Despite last week's hour-long Tokyo event, there's still a lot we don't know
Last week's press conference and follow-up hands-on events for Nintendo's next console answered many of the most obvious questions around the proposed March launch, but not everything. We now know the launch date and price of the Switch (March 3, $299), the launch-window game lineup (pretty weak, outside of the new Zelda game, Breath of the Wild) and how the hardware works (waggle, IR reader camera stuff that most games will ignore, not-great battery life). There's still plenty we don't know, and most of our remaining questions are around how the device will actually run the things that we genuinely care about.
How much will Nintendo's online service cost, and what will we get?
Eager fans that buy the Switch at launch and in the first few months will have free access to its new online service until sometime this Fall – Nintendo then plans to charge a fee for the service, which is something it's never done before. Currently both Microsoft's Xbox Live and Sony's PlayStation Plus service are $60 a year, but Nintendo's equivalent is unlikely to roll out with anywhere near as many features, so will it be cheaper? Like their competitors, Nintendo will also provide free games each month for subscribers but unlike Microsoft and Sony, those free games will only be playable during the month they are offered, expiring whether you've downloaded them or not. Both Xbox Live and PlayStation Plus free games are yours to access and play for the duration of your subscription, only expiring should you leave the service.
Are we getting any kind of achievements with the new service?
Super Mario Run on mobile has all kinds of achievements that are tied to your MyNintendo account, so it's safe to assume that Nintendo is cooking up something for Switch games, but how will this work? Will it be tied into a larger MyNintendo gamerscore-type-thing like Xbox Live?
How will Virtual Console work on Switch?
The fate of your current Virtual Console game collection is still in question, although things look kinda hopeful for them transferring to Switch, although it's unclear how much hassle will be involved. Previously purchases were tied to devices rather than accounts, which was a colossal pain in the ass. The new Nintendo accounts should take care of that – so it shouldn't be a case of you having to buy yet another copy of Donkey Kong Country. "We now have the capability to tie consumers' purchases to a particular account," said Nintendo of America president and walking quote-machine Reggie Fils-Aime. "So, that opens up a range of executions for us to address that consumers desire and need." That clears that up completely, right?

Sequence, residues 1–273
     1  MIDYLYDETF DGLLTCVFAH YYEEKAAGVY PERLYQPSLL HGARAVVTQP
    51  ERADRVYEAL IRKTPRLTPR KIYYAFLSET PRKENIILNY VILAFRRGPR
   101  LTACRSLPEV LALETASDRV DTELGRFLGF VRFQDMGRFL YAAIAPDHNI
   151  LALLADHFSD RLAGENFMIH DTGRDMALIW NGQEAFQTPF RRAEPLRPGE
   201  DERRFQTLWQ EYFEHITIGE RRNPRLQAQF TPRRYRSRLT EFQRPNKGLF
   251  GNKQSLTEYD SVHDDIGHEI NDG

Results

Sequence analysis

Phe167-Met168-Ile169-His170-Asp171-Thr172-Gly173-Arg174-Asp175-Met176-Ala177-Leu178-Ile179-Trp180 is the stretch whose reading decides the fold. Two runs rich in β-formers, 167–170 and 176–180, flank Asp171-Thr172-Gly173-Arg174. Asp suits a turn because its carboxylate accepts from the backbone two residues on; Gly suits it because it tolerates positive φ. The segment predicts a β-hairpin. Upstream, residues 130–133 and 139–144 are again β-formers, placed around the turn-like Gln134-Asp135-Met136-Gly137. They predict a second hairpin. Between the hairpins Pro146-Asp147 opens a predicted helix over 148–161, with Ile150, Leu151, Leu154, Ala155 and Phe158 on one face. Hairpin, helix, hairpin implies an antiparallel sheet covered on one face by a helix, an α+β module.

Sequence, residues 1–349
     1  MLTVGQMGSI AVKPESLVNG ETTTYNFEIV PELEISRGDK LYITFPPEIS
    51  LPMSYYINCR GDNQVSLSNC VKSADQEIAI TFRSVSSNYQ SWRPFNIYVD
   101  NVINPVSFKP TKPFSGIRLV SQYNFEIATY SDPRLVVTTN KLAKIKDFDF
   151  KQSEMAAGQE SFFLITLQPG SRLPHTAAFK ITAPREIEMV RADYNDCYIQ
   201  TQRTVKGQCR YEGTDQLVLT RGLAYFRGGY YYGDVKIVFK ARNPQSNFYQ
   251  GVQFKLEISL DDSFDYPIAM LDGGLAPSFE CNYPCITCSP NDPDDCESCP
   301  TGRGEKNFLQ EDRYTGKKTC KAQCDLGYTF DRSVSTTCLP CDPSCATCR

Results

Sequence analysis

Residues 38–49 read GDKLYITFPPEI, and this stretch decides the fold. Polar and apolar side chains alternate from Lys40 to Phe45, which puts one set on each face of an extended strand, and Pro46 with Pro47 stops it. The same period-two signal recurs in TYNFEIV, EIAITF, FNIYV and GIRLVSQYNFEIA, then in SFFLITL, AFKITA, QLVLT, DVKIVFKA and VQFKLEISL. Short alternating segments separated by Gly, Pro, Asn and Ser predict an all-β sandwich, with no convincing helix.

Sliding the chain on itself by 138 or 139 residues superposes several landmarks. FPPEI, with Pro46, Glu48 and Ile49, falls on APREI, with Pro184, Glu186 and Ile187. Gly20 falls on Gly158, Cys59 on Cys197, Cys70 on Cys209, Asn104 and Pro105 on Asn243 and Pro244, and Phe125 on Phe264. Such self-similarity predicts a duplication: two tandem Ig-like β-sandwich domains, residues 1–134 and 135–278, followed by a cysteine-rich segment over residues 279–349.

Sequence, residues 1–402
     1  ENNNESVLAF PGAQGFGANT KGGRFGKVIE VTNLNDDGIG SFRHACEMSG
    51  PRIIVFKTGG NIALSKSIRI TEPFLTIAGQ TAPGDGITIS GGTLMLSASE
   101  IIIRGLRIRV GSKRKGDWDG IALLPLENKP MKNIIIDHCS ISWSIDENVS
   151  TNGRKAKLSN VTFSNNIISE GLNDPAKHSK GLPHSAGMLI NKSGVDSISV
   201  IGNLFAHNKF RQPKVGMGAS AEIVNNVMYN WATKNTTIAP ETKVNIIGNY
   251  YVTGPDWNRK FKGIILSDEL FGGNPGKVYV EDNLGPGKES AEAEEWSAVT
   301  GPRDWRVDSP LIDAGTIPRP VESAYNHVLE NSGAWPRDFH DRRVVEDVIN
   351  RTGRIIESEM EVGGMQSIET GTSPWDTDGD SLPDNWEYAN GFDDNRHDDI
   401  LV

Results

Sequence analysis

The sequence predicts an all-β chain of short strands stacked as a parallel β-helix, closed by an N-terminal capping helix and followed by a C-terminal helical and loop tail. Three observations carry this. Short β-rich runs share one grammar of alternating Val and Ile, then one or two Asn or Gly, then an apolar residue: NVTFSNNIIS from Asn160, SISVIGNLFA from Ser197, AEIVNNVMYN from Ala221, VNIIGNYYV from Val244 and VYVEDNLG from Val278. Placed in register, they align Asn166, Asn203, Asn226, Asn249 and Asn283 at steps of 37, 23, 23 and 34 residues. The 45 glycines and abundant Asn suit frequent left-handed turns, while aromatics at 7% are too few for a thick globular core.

How will that SNES online functionality work?
Nintendo announced that it will be adding online multiplayer stuff to old Super Nintendo games, but didn't give any further details on how this would work, or how it might affect the way that these games show up in its store. Are the games being dramatically reworked? Are they being emulated and tweaked? Does that mean there may be other changes to them too?
Does the Switch allow for enhanced effects when docked?
While it's confirmed that Switch's graphics processor runs faster when docked and slower when in handheld mode, we don't yet know how differently games will run on a TV versus the console's own screen. In terms of resolution, we know that Mario Kart 8 Deluxe runs at 1080p docked and 720p on the tablet but there's no sign yet if there are other improvements. Will we see framerates/smoothness improved? Greater draw-distance? Will games run better in any other ways? Could there be features, other than split-screen multiplayer, that we only see on our TVs?
What does the capture button spit out, and where does it go?
Switch controllers are confirmed to have a capture button that will save screenshots, and Nintendo has confirmed that it will eventually allow you to save video clips too. Where this content will actually live is still uncertain beyond a vague promise of "social media channels." Presumably it will save to your Nintendo account profile, and we'd guess that Nintendo will match Microsoft and Sony's services that let you post to Facebook and Twitter – but none of this is actually confirmed. What's also uncertain is whether the system will embrace any kind of livestreaming service. There were unsubstantiated rumors ahead of the announcement that Nintendo may follow Blizzard's Battle.net lead and feature Facebook Live streaming baked into the system software, but there's no indication of that just yet.
What TV apps and image quality can we expect?
Anyone looking for the Switch to be their smart TV might want to wait. Nintendo hasn't ruled out Netflix, but it won't be there at launch – and neither will any other TV or movie streaming services. We also don't yet know if the console can output 4K video in addition to the confirmed maximum of 1080p for gaming. Unlikely as it may seem, there is actually a slight chance – the chip that sits at the heart of the Switch is Nvidia's Tegra X1, which last saw duty in its 4K-capable Shield console.